Accessibility has been the subject of standardisation proposals by the
W3C, the authoritative body controlling WWW standards. Their guidelines
and implementation recommendations offer a clear and straightforward way
to implement the evolving standards.
HTML language features affecting
usability are prioritised into three sets of checkpoints with graded
priority. Priority 1 checkpoints seriously affect usability, priority 2
checkpoints make it difficult for one or more groups and priority 3
checkpoints make it somewhat difficult for one or more groups. As far as
is practicable we build to these standards and as a minimum would expect
to implement all priority 1 checkpoints.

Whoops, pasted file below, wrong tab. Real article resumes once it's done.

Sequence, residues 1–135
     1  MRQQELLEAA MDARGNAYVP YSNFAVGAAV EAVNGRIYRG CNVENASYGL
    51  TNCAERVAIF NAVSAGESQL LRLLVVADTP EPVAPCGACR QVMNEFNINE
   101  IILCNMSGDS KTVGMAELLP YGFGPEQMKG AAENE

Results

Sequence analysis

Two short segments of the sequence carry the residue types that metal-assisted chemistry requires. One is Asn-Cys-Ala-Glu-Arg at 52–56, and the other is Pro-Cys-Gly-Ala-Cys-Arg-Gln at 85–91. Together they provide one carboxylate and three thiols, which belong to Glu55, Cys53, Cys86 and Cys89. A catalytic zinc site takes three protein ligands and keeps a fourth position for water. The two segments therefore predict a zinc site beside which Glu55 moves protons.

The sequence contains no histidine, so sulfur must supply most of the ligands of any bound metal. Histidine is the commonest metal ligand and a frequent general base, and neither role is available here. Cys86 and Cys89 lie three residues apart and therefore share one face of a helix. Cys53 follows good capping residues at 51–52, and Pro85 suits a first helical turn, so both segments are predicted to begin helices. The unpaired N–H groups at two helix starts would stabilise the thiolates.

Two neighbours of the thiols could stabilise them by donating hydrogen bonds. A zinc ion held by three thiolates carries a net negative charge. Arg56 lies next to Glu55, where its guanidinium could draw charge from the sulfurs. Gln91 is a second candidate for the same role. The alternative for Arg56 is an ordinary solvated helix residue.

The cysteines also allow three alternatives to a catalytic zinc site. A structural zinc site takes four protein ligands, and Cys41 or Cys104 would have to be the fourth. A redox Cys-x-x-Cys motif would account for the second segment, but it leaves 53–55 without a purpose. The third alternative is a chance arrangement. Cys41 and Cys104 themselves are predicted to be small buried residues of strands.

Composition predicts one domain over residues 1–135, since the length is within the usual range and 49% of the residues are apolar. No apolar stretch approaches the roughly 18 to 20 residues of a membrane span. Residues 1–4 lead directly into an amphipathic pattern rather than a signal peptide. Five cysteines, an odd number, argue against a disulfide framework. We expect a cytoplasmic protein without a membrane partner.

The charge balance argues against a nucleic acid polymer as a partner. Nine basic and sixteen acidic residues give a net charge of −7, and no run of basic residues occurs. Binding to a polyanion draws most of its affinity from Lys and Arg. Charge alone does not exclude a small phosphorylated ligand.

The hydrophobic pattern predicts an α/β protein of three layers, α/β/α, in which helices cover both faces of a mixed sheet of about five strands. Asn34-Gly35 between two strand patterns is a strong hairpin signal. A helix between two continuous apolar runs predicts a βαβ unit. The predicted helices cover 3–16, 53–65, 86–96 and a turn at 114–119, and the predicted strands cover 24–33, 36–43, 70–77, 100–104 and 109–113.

Meeting standards isn't enough - Conformance to these standards can
easily be verified by web sites such as Bobby, but this by no means
guarantees an accessible, easy to use web site, as visits to many Bobby
approved sites will demonstrate.
As with any web
site, clarity and ease of use stem from the way in which the
content is divided into sections and presented to the user. If the
information is organised in a clear and logical way, then applying the WAI
guidelines should result in a thoroughly accessible site.